- Keep your deposit and withdrawal slips, credit card purchase receipts, financial institution statements, credit card statements, utility bills, medical bills, insurance information, investment updates, and credit card solicitations where they will be safe. When disposing of them, do so by shredding.
- Don't put your trash out until shortly before it will be picked up.
- Mail bill payments and other items that contain personal information at a U.S. Postal Service drop box rather than in your curb side mailbox. Don't put any mail in your curb side mailbox until shortly before it will be picked up daily.
- Take your mail out of your curb side mailbox as soon as possible after it has been delivered. If you are traveling, have the U.S. Postal Service hold your mail or have someone you trust pick it up daily.
- Limit the information on your checks (for example, don't include driver's license number, social security number, or address), and don't carry around any more cards than necessary.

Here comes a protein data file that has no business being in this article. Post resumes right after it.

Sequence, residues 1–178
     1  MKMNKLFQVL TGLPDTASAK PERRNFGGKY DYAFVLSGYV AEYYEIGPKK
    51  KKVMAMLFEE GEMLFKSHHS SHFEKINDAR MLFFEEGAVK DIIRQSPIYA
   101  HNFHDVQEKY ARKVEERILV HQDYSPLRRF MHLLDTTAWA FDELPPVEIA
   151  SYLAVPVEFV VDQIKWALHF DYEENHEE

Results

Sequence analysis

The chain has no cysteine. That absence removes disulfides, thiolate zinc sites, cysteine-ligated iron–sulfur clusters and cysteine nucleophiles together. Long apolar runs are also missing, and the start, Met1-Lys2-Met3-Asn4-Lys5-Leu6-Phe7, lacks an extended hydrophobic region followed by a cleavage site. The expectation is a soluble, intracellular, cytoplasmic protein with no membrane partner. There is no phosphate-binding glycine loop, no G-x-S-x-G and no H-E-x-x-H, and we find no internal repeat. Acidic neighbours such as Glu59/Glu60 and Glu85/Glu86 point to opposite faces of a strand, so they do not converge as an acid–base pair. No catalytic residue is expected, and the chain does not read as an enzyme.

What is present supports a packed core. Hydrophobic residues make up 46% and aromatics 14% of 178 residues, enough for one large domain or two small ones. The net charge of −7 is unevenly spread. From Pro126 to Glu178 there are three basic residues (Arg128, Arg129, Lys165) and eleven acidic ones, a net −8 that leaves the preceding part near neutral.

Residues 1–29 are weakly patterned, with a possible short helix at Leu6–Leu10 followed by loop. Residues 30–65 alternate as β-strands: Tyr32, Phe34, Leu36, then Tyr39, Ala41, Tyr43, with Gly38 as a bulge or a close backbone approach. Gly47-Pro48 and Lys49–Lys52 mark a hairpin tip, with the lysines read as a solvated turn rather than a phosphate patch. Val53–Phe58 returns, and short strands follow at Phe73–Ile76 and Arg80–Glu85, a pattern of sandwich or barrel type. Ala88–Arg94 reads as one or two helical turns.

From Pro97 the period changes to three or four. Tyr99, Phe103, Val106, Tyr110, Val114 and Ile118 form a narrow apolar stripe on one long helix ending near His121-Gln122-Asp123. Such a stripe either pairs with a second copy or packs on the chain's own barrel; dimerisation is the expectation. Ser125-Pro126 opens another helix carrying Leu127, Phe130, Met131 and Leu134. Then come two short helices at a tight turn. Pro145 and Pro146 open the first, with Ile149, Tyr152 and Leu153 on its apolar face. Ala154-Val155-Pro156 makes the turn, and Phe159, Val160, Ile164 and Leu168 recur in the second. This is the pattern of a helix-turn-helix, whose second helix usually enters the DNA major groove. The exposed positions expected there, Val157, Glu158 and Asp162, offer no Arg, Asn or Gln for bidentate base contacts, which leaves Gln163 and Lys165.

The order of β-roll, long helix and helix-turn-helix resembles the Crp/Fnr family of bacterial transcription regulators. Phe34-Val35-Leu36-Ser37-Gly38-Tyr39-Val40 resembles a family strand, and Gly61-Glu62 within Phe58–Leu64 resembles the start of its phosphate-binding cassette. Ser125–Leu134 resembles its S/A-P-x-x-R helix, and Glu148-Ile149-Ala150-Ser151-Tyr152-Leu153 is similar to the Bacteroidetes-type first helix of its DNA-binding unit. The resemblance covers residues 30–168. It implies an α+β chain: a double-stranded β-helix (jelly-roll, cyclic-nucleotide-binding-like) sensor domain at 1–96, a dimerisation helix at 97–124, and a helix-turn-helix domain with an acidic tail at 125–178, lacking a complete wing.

- Don't give any of your personal information in person, over the telephone, or over the Internet to anyone-unless you have a very good reason to trust them.
- Don't give any of your personal information to any web sites that do not use encryption or other secure methods to protect it.
- Use a firewall if you have a high-speed Internet connection. This software can be purchased on-line or from most software retailers.
- Don't use Online Banking passwords or other passwords that are easy to guess (for example, don't use birth dates or spouse, child, or pet names).